atw 2018-03v6

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atw Vol. 63 (2018) | Issue 3 ı March

60 mm while the diameter of the inner

fuel containing matrix is 50 mm [14].

Figure 11 shows the difference

between the first idea of a pebble with

non-coated fuel and the current type.

The inner diameter of the coated fuel

particles is 0.5 mm. Embedded in the

inner graphite matrix are approximately

15,000 coated particles (cp) in

one pebble and contain the fuel

material (Figure 12). The fuel kernel

is encapsulated by three layers of very

hard and pressure resistant PyC-/-SiC-

/-PyC and is gas tight (Figure 13).

These are the “TRISO” Fuel Elements

and each coated particle has a

diameter of 0.9 mm.

| | Fig. 14.

Treatment of pebbes by hand, first pebble

loading into the core of the AVR-HTR.

| | Fig. 15.

Storage of burnt-down pebbles in casks.

describes results of an experiment: “A

High Voltage Head-End Process for

Waste Minimization and Reprocessing

of Coated Particle Fuel for High

Temperature Reactors.” [10] This

process is proposed for the separation

of coated kernels from the fuel matrix

and makes it possible to reprocess the

burnt down fuel by separation of the

coatings and the fuel kernel. The fuel

kernels remain intact and has been

successfully demonstrated in experiments

as shown in Figure 16, 17, and

18. The characteristics of the coated

fuel kernels and the complete pebbles,

manufactured by NUKEM, is shown in

Table 2.

This process, proposed and studied

with experiments by EU-JRC-Petten,

envisages the complete removal of the

coating-layers to make the fuel accessible

for further reprocessing and

manufacturing of new fuel kernels.

RESEARCH AND INNOVATION 171

| | Fig. 13.

Composition of a TRISO-pebble.

Without coating the radioactivity

of the primary helium gas in the AVR

was calculated initially to be 10 7

Curie. Therefore, the AVR was

designed with two pressure vessels.

All piping and helium operated components

were surrounded with clean

helium gas, to prevent primary contaminated

Helium gas from entering

the reactor vessel. These fuel elements

were not initially used.

The newly developed TRISO

elements avoid fission and decay

products, which are the sources of

dangerous radioactivity. Three layers

form a containment for every CP

and keep all fission products safely

enclosed. The layers remain gas tight

from 1,620 °C to 1,800 °C and do not

deteriorate or corrode even under

high pressure.

As previously mentioned, AVR

was initially designed with a helium

primary gas activity of 10 7 Curie. After

the development of the pebbles with

coated particles the primary helium

gas activity was measured at only

360 Curie [3], a factor of 0.000036

lower. They were proven in long term

operation in the AVR as reliable fuel

elements and have very excellent

advantages in comparison with all

fuel elements in other nuclear power

stations.

Fresh pebbles can be stored and

handled without any risk of radiation

(Figure 14). Radiated, burnt down

pebbles or graphite balls will be stored

(Figure 15). primarily in specially

designed containers or stockrooms

inside the basement of the reactor

building. No cooling is necessary and

they can be stored over a longtime

without risk of contamination or

radiation of the surrounding area or

personnel [15, 16, 17].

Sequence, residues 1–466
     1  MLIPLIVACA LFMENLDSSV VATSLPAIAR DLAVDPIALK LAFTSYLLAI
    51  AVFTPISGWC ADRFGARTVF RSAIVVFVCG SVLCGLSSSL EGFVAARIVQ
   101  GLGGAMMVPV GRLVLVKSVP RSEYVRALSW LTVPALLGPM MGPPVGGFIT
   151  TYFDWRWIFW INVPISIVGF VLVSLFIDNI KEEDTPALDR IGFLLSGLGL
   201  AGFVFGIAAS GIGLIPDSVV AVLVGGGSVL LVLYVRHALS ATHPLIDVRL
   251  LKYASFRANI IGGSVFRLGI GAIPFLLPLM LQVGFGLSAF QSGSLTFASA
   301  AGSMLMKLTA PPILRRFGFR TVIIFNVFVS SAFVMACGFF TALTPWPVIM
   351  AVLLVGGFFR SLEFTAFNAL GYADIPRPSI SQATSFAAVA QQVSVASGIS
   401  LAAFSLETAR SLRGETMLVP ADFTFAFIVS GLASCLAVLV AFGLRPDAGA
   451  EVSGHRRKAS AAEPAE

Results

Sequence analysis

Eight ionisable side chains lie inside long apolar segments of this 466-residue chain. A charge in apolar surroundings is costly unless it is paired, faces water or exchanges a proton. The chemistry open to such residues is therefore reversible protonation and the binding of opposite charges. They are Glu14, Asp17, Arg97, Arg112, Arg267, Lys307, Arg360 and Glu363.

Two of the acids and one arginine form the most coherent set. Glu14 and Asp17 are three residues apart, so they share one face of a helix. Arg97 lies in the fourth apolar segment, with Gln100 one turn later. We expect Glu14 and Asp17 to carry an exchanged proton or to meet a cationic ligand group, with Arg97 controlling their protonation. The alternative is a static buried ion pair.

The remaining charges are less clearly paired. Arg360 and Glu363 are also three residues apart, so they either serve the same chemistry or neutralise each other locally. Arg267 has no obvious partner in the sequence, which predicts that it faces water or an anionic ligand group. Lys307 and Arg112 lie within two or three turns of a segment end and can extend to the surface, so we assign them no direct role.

Breeding of fissile Uranium-233

by using Thorium-232

Sufficient Thorium can be found in

the surface of the earth to generate

electricity and heat by nuclear power

stations for a very long time. [20, 21,

22] However, fissile fuel needs to be

produced from the Thorium. This is

possible by breeding 232 Th up to 233 Th

using slow neutrons initially resulting

in Protactinium ( 233 Pa) which decays

to fissionable 233 Uranium. This process

is a very good possibility in a

THTR power station.

The coated fuel kernels can contain

Uranium 235/238, Plutonium 238-

242, or Thorium 232 [15, 17, 18].

These fuel materials can be combined

in a pebble matrix and burned

together. After extracting the core,

every single pebble can be measured

to its degree of burn-up. In HTR-

Pebble Bed reactors the disposal of Pu

can be extensively controlled and

each pebble is treated individually. A

very detailed and full control of Pu

disposal is guaranteed and possible

through inspection to meet the NPT.

Decommissioning and Reprocessing

of Fuel Elements and

Coated particles

The paper by the Netherlands

European Joint Research Centre JRC

Pebble Bed Ring-Core Design

for very large TVHT-Reactors

Important discoveries were generated

from the long-term operation of

the AVR and relatively short period

of three years operation of the

THTR-300, The information obtained

from these two power plants is

Coated particle

Particle batch HT 354-383

Kernel composition UO 2

Kernel diameter in

micro-meter

Enrichment

[U-235 wt. %]

Thickness of coatings

in micro-meter

501

Buffer 92

Inner PyC 38

SiC 33

Outer PyC 41

16.75

Particle diameter 909

Pebble

Heavy metal loading

[g/pebble]

U-235 contents

[g/pebble]

Number of coated

particles per pebble

Volume packaging

fracture [%]

Defective SiC layers

[U/U tot ]

6.0

1.00 +/-1%

9,560

6.2

7.8 x 10 -6

Matrix graphite grade A3-3

Matrix density [kg/m 3 ] 1,750

Temp. at final heat

treatment [°C]

1,900

| | Tab. 2.

Typical chracteristics of coated particles and

pebbles produced by NUKEM.

Research and Innovation

The Technology of TVHTR-Nuclear- Power Stations With Pebble Fuel Elements ı Urban Cleve

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